Knig-o-lass, sexual disorders are very interesting, and there are so many of them. But as Sarah points out, this one was not sex-linked: meaning, there was a normal set of X & Y. But yes, as far as sex-linked disorders go, there are plenty of them: klinefelters, turners, and super-male (XYY) which you hadn't mentioned. They are all super interesting but sooo easily explained by meiosis gone wrong (google:meiosis). Down's is another disorder related to improper separation of gametes, although it is autosomal instead of sex-linked.


Jason mark monday & kowalski, you are liars. You are both smarter than me and fully capable of understanding this, you simply pretenddddddd.


Jason Joel wrote: "not all books are for all people?"

This is not true. This book is for all people. Richard is just silly.


Richard Reviles Censorship Always in All Ways Jason wrote: "Richard!!

I did love this. And I regret that I didn't really go into it in my review because my fascination with genetics displaced all else.


I liked that part better than any part of the book.

I loved this book for so many reasons. I loved the story of Cal/Calliope, yes. But I also loved the Greek history of his grandparents,

Both my stars are for this facet.

I loved the multi-generational family drama (seeeeeeecrets, as karen would say), I love coimng-of-ages (when they're done well), and I was interested in how Cal/Calliope dealt with his syndrome and how he figured out that there was something different/unique about him and how he dealt with it and ran away from it and ultimately came to terms with it. I also loved the whole Greek cultural background thing, and I loved the interesting side story of Milton and what happens to him.

This is what a 5 star book does to me. It changes me and it stays with me.

Also, the writing was pretty damn decent."


I thought the writing was average at my most charitable best. I cared nothing about Milton. It changed me into a snoring, drooling lump.

So it spoke to you, and it spoke of beauty and passion and winning. Thanks for letting me know. I just could not fathom what earned five stars from you.


Sarah (Warning: Potentially Off-Topic) Jason wrote: "Yay! I love a fellow scientist. Sarah, what's your background??"

I'm a physician, but not in an area related to this. All of this stuff is reaching back to my school days for me, but I always found these conditions fascinating. I took undergrad psychology classes dealing with these topics, and also had an endocrine rotation in a clinic for people undergoing sex changes (surgical and medical). While that clinic wasn't dealing with these conditions necessarily, it did bring up a lot of interesting psychological and biological issues related to human sexuality, as you might imagine.


message 38: by Sue (new) - rated it 4 stars

Sue Loved this book and interesting scientific view of it!


message 39: by Mark (new) - added it

Mark Woohoo, Hedwig shout-out!


message 40: by Traveller (new) - added it

Traveller Jason wrote: "Being a pseudo-biochemist (pseudo in the sense that I only pretend to be a biochemist, whereas in reality I write scientific development reports and other documents that no one will ever read but which I’ve convinced myself are just as fulfilling as doing real science),"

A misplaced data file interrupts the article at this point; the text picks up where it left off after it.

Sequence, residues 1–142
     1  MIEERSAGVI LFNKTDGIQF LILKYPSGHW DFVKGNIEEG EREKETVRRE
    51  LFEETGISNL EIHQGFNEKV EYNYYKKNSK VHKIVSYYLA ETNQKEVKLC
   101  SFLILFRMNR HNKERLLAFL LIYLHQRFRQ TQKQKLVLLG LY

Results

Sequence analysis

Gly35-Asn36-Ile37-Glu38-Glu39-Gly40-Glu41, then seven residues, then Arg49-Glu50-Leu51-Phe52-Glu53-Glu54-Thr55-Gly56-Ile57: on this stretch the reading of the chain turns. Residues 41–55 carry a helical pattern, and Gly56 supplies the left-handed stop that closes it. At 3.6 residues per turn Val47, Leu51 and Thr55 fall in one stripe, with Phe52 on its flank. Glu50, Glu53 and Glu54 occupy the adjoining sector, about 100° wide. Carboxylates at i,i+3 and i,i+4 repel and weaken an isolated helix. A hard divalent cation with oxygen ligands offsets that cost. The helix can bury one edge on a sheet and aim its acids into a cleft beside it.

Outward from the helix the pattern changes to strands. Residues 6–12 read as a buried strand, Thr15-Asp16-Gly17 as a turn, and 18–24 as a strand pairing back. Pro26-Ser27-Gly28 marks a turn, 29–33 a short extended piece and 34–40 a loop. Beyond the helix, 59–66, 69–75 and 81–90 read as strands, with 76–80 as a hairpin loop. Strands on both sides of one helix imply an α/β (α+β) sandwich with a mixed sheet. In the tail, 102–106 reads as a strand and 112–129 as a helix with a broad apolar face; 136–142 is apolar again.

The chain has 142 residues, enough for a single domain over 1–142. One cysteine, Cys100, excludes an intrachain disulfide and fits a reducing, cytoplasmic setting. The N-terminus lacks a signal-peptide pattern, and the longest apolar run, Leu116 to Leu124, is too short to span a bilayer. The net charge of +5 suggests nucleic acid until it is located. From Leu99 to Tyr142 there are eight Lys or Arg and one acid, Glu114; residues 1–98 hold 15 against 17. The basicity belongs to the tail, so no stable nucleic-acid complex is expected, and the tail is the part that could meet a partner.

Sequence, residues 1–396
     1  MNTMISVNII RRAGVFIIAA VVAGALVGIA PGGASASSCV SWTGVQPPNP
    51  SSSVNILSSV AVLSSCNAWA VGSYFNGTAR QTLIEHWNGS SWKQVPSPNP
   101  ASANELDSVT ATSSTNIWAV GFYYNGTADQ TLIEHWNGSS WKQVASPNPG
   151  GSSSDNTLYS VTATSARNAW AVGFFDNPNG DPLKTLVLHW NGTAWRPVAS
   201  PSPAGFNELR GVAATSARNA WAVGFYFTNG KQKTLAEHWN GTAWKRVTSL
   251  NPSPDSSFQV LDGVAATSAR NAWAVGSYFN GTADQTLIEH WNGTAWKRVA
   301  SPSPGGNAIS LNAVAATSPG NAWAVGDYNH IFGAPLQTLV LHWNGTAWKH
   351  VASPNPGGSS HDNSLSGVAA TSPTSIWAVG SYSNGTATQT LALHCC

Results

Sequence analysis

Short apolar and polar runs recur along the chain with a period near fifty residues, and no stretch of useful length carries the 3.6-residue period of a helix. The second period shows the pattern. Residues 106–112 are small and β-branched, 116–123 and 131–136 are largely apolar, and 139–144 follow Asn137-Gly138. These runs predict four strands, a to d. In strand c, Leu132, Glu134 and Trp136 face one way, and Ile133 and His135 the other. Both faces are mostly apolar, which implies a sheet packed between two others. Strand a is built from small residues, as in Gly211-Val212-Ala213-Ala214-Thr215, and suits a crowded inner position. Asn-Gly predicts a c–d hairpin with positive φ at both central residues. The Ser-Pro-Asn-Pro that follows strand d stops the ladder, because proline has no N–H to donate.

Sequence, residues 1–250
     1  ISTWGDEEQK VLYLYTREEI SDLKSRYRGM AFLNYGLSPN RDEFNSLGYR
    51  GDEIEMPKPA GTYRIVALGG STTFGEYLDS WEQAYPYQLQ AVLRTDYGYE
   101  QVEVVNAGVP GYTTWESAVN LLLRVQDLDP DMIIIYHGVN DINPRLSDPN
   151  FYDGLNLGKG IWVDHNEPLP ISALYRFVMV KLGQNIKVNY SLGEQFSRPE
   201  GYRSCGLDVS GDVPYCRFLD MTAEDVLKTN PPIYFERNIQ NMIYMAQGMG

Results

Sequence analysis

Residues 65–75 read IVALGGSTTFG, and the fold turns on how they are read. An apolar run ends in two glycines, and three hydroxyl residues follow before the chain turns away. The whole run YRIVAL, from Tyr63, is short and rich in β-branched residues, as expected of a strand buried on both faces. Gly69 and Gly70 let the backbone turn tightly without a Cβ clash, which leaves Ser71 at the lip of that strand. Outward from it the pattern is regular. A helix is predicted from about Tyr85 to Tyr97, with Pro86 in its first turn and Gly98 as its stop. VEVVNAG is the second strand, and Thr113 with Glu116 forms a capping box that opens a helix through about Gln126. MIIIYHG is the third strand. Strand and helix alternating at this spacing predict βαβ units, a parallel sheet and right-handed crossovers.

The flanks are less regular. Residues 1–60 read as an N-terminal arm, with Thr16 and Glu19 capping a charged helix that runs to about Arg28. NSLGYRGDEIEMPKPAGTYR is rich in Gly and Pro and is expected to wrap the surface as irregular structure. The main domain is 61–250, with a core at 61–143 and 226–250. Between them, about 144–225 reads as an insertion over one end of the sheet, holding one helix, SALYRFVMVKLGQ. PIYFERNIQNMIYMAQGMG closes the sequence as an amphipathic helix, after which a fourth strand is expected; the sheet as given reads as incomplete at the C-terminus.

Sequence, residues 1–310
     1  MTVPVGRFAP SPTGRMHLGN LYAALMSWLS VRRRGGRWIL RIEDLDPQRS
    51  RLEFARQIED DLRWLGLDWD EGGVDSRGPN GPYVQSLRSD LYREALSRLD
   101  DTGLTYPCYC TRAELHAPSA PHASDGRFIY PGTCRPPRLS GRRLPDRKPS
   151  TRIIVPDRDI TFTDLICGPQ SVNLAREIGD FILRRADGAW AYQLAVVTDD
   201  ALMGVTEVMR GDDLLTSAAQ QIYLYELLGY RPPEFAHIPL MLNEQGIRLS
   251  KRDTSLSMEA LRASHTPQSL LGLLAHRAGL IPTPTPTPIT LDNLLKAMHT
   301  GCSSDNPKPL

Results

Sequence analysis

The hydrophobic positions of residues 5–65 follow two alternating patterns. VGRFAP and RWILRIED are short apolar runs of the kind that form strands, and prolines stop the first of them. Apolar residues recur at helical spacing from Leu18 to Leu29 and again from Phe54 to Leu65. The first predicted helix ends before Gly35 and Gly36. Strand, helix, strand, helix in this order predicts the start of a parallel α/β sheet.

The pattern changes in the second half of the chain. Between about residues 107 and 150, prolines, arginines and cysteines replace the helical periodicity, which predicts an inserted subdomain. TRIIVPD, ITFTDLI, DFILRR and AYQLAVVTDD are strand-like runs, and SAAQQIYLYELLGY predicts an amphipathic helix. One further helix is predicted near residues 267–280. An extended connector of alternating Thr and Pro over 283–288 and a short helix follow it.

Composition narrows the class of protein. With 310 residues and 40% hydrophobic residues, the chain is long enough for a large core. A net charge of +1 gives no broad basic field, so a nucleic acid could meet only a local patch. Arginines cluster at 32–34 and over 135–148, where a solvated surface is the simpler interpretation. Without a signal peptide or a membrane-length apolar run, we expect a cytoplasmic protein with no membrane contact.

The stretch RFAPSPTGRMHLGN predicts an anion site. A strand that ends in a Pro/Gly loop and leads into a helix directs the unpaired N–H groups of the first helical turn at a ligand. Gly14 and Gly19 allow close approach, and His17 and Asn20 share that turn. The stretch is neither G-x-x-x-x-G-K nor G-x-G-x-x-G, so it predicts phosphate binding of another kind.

Ha ha, i love that.. it sounds just like my cousin with her PhD in physics and her job at a science magazine. :)


message 41: by Noelle (last edited Aug 23, 2012 08:41AM) (new) - rated it 1 star

Noelle McCoy thanks for the explanation! I enjoyed biology in college, especially the genetics...how interesting! I'll have to read this book now...


Jason Yay science!


Rhianna Quick note before I get into other comments: You're not really missing ANYTHING in the lab. Or at least you wouldn't be missing anything if you were in MY lab... this place is where fun (and intelligence) goes to die.

Allisen recommended this book to me and I don't remember much about it other than thinking "WTF" when I was done. The genetics were cool, the story was interesting, but man... WTF?


Jason I read this book on account of Allisen, too. This, and Rebecca. She's 2 for 2. (Actually, she's 2 for 3 because she also recommended My Friend Leonard; hey, nobody's perfect.)

I do miss the lab, though. I've been basically doing documentation for the past year and a half. I used to be on my feet all day and come home with energy. Now I sit on my ass all day and come home tired. It is bizarre.


Rhianna I liked it, just couldn't believe half the stuff that happened, kind of like the time she passed along some John Irving books.

I'm doing some sort of bio-immuno-chemistry diagnostic stuff, which basically means I check my email for hours at a time and read books on my iPhone. Occasionally I'll go into the lab for brief 10 minute periods to switch chemicals. Way different from my days in real labs. I think the lack of feeling productive is what gets me.


Jason Rhianna wrote: "I think the lack of feeling productive is what gets me."

Yes! I think that is exactly it. It is mentally unchallenging, so it leaves me feeling exhausted. Sort of like how you feel if you spend a whole Sunday sleeping, you kind of feel physically tired afterwards.


message 47: by Carey (new) - added it

Carey Shea As usual, an amazing review. I have it in my to-read list but it has gotten so large that it's going to take forever to read the books I have in that shelf. The book sounds very interesting from your review.


Jason Looks like you've found all my favorites, Carey. This one in particular seems universally acclaimed on Goodreads.


message 49: by Carey (new) - added it

Carey Shea I've noticed that and that is why I put it in my to-reads shelf. Your review convinced me to read it sooner. Thanks.


message 50: by Laura (new) - rated it 1 star

Laura Ellison I am just getting into the story but wanted to say I really enjoyed your review. I am a lover of Punnet Squares and have used them to figure out some of my own genetics. I'm a carrier of "fish skin disease" so if I ever meet a lucky guy we'll be doing a Punnet to figure out the possibility of passing it along.